Then there’s the World Wrestling Federation. Even if their official attempt at the return of the New World Order was a miserable flop (more on that later), they certainly tried to replicate the magic of the New World Order multiple times. WCW gets ripped a lot of times for trying to steal WWF concepts, but when the National Wrestling Alliance “invaded” the World Wrestling Federation? That was their attempt at re-creating the New World Order. Remember my mention of ECW? They too “invaded” the WWF, which was a co-promotion for the first ECW Pay Per View. The WWF continued trying to form stables that would reach the height of the New World Order, at one point starting a gang war between the possibly white supremacist Disciples of Apocalypse, possibly black supremacist Nation of Domination and just Puerto Rican Los Boriquas. Finally, the WWF settled on just having two big factions in the Corporation (led by Vince McMahon) and The Ministry of Darkness (led by the Undertaker and Paul Bearer). In January of 1999, the New World Order and nWo Wolfpac had already decided to combine again to create an even bigger group. So what did WWF do in April of 1999? Why combine the Corporation and Ministry of Darkness of course! We now had THE CORPORATE MINISTRY, which at one point had 15 members and even had its own offshoot group in The U.N.I.O.N. Eventually the WWF was atop the wrestling world again and there was no need for their own New World Order… except they tried it again with the McMahon-Helmsley Regime, which was combining D-Generation X with the McMahon family and even at one point had The Radicalz (Chris Benoit, Eddie Guerrero, Perry Saturn and Dean Malenko).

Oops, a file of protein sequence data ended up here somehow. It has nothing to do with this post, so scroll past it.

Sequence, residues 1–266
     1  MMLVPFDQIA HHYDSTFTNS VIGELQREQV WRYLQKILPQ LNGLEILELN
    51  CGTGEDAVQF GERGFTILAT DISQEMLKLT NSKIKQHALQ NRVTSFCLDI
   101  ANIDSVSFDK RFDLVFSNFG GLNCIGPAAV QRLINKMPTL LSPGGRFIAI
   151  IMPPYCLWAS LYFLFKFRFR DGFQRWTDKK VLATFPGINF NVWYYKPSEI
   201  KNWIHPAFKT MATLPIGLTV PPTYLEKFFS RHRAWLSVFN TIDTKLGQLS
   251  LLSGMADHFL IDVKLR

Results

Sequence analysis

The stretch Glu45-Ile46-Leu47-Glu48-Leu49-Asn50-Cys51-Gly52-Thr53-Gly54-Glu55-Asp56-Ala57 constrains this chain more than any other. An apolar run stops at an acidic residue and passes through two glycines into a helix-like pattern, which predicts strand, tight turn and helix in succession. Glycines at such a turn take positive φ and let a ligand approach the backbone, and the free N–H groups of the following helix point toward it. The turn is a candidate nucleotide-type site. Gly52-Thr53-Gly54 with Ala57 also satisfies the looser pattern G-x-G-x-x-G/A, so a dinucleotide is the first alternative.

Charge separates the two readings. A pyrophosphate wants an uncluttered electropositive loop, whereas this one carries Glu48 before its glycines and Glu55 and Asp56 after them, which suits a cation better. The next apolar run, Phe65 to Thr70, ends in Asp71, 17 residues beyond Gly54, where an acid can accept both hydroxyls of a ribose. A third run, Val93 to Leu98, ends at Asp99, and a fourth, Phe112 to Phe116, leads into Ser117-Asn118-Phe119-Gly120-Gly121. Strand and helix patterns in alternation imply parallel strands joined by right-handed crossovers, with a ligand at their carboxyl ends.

You’ll notice that a lot of these groups just sound like big wrestling stables but that’s what a lot of bookers believed that the success of the New World Order was. It was a big gang that people could be a part of. It missed out on what made the New World Order so iconic (to be fair, so did WCW). This ideal would continue through TNA Wrestling as they formed everything from Planet Jarrett, World Elite, Aces and Eights and Immortal. Big groups meant to take over.